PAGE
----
Indian companies’ ability to repay loans has worsened, which is straining banks that are already burdened with bad loans, the Reserve Bank of India said in its Financial Stability Report released on Thursday.
The infrastructure sector is the most affected, accounting for about 29.8% of the total stressed loans of banks as of December 2014, the report said, adding that this is crimping banks ability to lower interest rates and boost their loan book.
“Macro stress tests suggest that current deterioration in the asset quality of scheduled commercial banks may continue for few more quarters, and public sector banks may have to bolster their provisions for credit risk from present levels, to meet the ‘expected losses’ if macroeconomic environment were to deteriorate under assumed stress scenarios,” according to the RBI report, which is the 11th such issue, prepared twice every year.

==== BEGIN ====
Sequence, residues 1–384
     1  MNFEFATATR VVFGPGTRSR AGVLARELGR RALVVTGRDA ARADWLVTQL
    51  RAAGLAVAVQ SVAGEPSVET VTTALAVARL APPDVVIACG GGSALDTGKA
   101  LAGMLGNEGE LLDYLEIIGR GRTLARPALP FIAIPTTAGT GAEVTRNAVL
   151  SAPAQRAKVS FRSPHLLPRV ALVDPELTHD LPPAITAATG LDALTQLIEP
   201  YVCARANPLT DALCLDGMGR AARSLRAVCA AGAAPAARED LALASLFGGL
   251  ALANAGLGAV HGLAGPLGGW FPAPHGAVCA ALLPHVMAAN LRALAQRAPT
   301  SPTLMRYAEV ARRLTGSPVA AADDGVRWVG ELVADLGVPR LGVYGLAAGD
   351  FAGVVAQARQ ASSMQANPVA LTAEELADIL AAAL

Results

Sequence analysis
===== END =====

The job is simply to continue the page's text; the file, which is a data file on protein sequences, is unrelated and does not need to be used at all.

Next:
Most banks, especially public sector lenders, have been hit hard after policy stagnation delayed large projects, which in turn made loans taken to fund these projects unviable. Gross non-performing assets (NPAs) of banks have already increased to 4.8% of the total advances in March, a rise from the 4.5% at the end of September 2014.
According to the report, about 17.9% of the gross NPAs — loans that do not yield returns — came from industries, while the services sector accounted for 7.5%. The retail sector, at 2%, contributed the lowest.
The RBI was guardedly optimistic about the outlook.
After the “taper tantrums” starting mid-May 2013, when the Fed hinted at reversing its easy money policy, “a combination of global factors and concerted domestic policy decisions” have helped the country, RBI governor Raghuram Rajan said in the foreword to the report.